Wilt wrote in post #16200193 (external link)
The Hoya Digital Pro line of filters is a marketing scam to pry money out of the hands of those owing digital cameras. They are inferior in light transmission compared to the Hoya S-HMC line with 99.7% light transmission, the Digital Por line transmitting only 97% of the light and similar to the older Hoya HMC line in light transmission. Hoya later came out with Hoya HD line, which transmits 99.35% of light per their claims.


I haven't voted or added my voice to this discussion because I'm in the use a filter to complete weather sealing or provide a protection in an extreme situation group rather than leave a UV/protector on all the time (I have one 77mm Hoya Pro-1D UV in the bag for fitting if needed).

However it would be interesting if this could be properly established, as I've heard a few reasons why they made the Pro-1D line.

There used to be the 'old' SHMC Pro-1 filters (late 90's early 2000's vintage) which were designed for film. When digital started to become more mainstream I heard Hoya had some problems with an internal reflection ( the digital sensors were shinier than film ) and it affected the old Pro-1's.

I've heard they actually had to reduce (or change quite a bit) the multi coating on the rear side of the filter (and make sure the inner surface of the mount was anti reflective). This would mean they perhaps did transmit less light - and hence less reflection onto the sensor.

I've looked at the rear surface of mine and it is considerably less shiny and more matt looking than an old SHMC Pro-1 filter I have (admittedly it's a polarizer not a UV unfortunately) But I have never had the internal reflection problem with this filter - yet!

Maybe they were a quick rush job more than a scam and the HD is the result of more work and time?

I've never had any problems with mine however, they are well made and the image quality is good and they are also thin to avoid vignetting (which I'm not sure if the cheaper SHMC are?) but of course they are not on the lenses all the time.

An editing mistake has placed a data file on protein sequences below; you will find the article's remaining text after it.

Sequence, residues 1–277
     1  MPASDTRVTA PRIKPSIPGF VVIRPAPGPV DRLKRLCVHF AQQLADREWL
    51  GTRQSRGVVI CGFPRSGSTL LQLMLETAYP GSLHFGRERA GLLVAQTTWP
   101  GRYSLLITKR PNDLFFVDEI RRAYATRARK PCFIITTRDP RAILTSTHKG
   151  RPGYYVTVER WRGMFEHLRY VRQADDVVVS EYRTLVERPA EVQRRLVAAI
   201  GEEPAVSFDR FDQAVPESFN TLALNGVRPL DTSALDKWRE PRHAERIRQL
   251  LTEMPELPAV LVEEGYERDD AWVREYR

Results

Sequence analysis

Anyone like to compare the rear surfaces of a SHMC Pro-1, a Pro-1D, an SHMC and an HMC UV filter and see if they look shinier or not?




  
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Wilt
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Aug 13, 2013 09:05 |  #188

Nalauk wrote in post #16203743 (external link)
However it would be interesting if this could be properly established, as I've heard a few reasons why they made the Pro-1D line.

There used to be the 'old' SHMC Pro-1 filters (late 90's early 2000's vintage) which were designed for film. When digital started to become more mainstream I heard Hoya had some problems with an internal reflection ( the digital sensors were shinier than film ) and it affected the old Pro-1's.

What THK still says on the newest web pages (even the web address is a new one!):

"In 1996 Hoya introduced the line of Super Multi-coated filters. Consisting of a Skylight, 1B, UV (0), ND 2X, ND4X, and a low profile circular polarizer, this line of filters has a 5+1 layering system on each side of the glass: 5 layers of anti-reflective coating and a transparent easy-clean top coat. This reduces light reflections off the filter surface to an average of just 0.3%. This is the lowest reflective rate on the market, from any filter manufacturer."

Here is the THK info on the Digital Pro series...

IMAGE: http://i69.photobucket.com/albums/i63/wiltonw/POTN%202013%20Post%20Mar1/THKfilters_zps89f45c81.jpg

Now just how does reducing the coating transmission to 97% -- with 3% reflected -- alleviate reflections between the sensor and the back surface of a filter which reflects only 0.3% ?! :confused:

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Nalauk
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Aug 13, 2013 09:32 |  #189

Yes I've seen that before, but as I said it was a problem specific to the 'old' Pro-1. They then produced the new Pro-1D which replaced the old Pro-1 (and was in fact slightly cheaper than the outgoing filter).

The problem was light coming in, hitting the sensor and reflecting on the back of the Pro-1 filter, which then showed on the final image.